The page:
That rare opportunity will arise this weekend as the North Shore Artist Coalition hosts its second annual Artist Open Studio Tour.

Doug Reina will be working on a painting during the tour. Photo from Doug Reina

The self-guided event will offer an intimate glimpse into the working studios of 11 award-winning artists living in Miller Place, St. James, Setauket, Port Jefferson and Stony Brook, giving visitors a personal opportunity to meet and talk with artists about their work and the creative process.

The coalition, whose core artist group is Nancy Bueti-Randall, Mary Jane van Zeijts, Jim Molloy, Doug Reina and Pam Brown, formed last year to contribute to the community through exhibitions, open studio tours and educational programs. “Fundamentally we believe the arts improve our lives and enrich our communities culturally, socially and economically. As well our mission is to promote and increase regional awareness of professional artists working in a wide range of styles and studio practices,” said Brown in a recent email.

Artists Peter Galasso, Kelynn Z. Adler, Sungsook Setton, Christian White, Hugh McElroy and Marlene Weinstein were invited to participate in this year’s tour.

Artist Pam Brown’s studio is one of the stops on the tour. Photo from Pam Brown

“Each year we invite artists from the Three Village and surrounding areas [to join us],” Brown explained. “Our goal is to invite more artists each year as the Studio Tour grows.” In addition to the Artist Studio Tour, the group aims to have yearly pop-up exhibitions. This past June, Mary Jane van Zeijts hosted an exhibition at her Setauket studio titled Five @ 268 Art on Main that featured the core group. Upcoming projects include a curated exhibition of the Artists in the Studio Tour. “Currently we are looking for exhibition spaces in our local area,” said Brown.

At each studio, which can be in a backyard barn, garage, house, storefront or outdoor space, visitors will be able to talk freely with the artists and ask questions about their approach and individual styles to making art. “They can visit as long as they like,” said Brown. “Additionally some of the artists will be doing demonstrations and talking directing about their processes and the materials they use.”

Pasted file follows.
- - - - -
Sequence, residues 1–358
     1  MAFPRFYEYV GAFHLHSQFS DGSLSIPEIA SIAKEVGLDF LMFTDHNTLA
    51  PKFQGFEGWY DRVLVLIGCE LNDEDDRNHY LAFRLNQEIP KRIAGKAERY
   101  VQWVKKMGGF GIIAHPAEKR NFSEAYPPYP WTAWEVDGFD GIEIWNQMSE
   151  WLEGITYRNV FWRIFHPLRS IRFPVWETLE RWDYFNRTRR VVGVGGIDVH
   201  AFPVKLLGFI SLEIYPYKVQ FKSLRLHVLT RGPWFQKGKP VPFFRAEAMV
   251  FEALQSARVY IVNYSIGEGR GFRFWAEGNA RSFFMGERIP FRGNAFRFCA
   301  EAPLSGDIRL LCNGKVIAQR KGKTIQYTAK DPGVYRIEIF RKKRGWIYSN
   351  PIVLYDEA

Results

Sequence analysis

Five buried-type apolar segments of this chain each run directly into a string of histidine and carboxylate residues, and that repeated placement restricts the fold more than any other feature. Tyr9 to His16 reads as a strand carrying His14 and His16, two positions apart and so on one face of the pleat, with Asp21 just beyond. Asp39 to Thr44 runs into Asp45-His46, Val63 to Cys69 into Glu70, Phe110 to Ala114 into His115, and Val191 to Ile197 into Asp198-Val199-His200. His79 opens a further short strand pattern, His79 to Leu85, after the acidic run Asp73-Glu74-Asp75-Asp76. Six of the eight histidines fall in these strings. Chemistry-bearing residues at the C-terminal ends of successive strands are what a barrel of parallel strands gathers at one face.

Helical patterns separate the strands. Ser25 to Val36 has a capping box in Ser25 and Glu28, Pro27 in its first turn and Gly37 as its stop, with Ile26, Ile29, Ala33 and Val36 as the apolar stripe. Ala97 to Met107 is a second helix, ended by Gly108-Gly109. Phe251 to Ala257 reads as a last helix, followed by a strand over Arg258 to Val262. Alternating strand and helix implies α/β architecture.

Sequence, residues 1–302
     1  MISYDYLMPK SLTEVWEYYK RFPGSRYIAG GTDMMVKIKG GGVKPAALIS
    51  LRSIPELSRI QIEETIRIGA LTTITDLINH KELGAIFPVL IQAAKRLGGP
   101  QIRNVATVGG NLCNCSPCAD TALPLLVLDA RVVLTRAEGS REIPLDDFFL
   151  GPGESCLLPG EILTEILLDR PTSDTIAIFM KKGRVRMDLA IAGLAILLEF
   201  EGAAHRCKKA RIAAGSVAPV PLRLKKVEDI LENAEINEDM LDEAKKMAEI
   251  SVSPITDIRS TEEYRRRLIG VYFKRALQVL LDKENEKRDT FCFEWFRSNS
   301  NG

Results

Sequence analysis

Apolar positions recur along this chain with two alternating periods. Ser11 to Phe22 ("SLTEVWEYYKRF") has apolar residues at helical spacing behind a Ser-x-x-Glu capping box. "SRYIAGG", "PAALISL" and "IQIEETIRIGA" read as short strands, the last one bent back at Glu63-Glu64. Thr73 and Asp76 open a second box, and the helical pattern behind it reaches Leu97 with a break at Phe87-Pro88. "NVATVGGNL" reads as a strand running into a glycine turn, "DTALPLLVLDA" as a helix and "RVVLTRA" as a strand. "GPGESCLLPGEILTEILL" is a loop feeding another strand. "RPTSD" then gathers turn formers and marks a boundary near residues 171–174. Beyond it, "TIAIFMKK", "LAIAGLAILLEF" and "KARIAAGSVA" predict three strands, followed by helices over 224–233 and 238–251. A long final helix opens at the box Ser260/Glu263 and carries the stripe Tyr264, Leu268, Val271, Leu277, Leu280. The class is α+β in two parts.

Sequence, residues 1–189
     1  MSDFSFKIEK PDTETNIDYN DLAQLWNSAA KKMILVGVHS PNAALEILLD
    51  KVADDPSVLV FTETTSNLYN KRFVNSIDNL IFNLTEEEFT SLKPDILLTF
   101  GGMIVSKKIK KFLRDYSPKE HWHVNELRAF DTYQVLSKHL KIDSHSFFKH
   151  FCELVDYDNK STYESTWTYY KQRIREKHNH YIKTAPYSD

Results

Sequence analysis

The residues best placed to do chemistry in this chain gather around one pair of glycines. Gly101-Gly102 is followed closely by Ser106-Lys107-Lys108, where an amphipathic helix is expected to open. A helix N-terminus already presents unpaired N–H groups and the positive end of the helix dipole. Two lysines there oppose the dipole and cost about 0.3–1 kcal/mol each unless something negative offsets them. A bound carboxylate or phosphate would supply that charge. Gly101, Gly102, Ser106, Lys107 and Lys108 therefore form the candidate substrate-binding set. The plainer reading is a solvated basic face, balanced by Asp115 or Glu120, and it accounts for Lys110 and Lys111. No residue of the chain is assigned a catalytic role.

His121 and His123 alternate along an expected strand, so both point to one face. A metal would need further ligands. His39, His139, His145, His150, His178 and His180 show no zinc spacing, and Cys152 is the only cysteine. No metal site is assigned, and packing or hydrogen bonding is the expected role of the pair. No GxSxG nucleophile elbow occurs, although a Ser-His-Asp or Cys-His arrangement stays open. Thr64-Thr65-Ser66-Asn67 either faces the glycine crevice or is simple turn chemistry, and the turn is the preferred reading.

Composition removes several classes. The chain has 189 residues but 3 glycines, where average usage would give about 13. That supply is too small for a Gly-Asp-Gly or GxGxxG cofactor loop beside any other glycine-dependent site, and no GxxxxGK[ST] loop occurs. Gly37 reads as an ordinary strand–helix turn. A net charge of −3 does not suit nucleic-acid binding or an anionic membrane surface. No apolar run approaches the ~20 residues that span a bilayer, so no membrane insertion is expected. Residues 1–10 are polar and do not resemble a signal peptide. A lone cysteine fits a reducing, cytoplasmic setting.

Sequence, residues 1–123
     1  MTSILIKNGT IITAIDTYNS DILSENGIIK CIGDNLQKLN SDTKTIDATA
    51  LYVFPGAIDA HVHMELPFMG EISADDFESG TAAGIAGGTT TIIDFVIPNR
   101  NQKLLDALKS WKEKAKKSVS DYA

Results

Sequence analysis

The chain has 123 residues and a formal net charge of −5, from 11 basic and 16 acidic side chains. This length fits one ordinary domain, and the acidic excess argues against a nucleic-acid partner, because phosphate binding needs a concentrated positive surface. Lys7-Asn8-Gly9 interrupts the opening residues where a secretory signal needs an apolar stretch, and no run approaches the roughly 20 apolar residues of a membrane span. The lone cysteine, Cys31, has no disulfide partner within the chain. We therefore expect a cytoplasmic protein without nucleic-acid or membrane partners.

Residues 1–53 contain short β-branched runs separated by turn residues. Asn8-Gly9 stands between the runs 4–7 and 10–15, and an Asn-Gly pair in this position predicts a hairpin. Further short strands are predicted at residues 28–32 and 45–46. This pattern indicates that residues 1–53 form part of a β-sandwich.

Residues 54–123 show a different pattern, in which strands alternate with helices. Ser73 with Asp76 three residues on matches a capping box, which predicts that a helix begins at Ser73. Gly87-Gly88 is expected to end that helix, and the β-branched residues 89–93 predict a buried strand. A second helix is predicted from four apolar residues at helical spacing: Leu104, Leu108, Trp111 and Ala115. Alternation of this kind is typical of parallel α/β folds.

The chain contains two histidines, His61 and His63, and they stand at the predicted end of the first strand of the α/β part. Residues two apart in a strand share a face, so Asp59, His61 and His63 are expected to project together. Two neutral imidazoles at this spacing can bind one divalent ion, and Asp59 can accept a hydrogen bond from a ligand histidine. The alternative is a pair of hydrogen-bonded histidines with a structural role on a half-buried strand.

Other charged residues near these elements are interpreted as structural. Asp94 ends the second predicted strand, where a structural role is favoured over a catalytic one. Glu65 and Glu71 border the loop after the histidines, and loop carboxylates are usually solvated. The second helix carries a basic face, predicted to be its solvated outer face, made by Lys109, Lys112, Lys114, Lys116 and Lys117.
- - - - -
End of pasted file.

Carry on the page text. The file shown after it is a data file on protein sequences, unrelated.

Visitors can also expect to see a variety of artwork on display including original paintings, sculptures, ceramics, pastels, photographs, prints and textiles. Additionally, artwork will be for sale.

Brown is hoping to attract even more visitors to this year’s event. “Last year’s Studio Tour was very successful and well-attended, we received positive feedback from local art organizations and other cultural venues, plus we had incredible support from fellow artists, friends and our community at large,” she said.

“It is our hope that people walk away with a deeper meaning and understanding of art, the Artist, and the important role that art plays in our community.”

The North Shore Artist Coalition’s Artist’s Open Studio Tour will be held on Saturday, Nov. 11 and Sunday, Nov. 12 from 11 a.m. to 5 p.m. The event will be held rain or shine and admission is free. Refreshments will be served at several studios. For a list of the 11 locations, visit For more information, call 631-834-9036.